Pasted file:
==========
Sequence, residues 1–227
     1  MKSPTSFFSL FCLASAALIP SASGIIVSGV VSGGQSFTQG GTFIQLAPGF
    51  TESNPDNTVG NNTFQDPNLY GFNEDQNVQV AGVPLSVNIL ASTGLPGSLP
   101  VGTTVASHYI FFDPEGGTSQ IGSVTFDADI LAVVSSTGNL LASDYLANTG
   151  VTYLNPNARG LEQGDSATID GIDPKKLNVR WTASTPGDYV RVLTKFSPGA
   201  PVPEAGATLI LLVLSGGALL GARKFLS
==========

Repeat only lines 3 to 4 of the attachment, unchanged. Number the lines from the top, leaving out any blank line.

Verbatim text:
    51  TESNPDNTVG NNTFQDPNLY GFNEDQNVQV AGVPLSVNIL ASTGLPGSLP
   101  VGTTVASHYI FFDPEGGTSQ IGSVTFDADI LAVVSSTGNL LASDYLANTG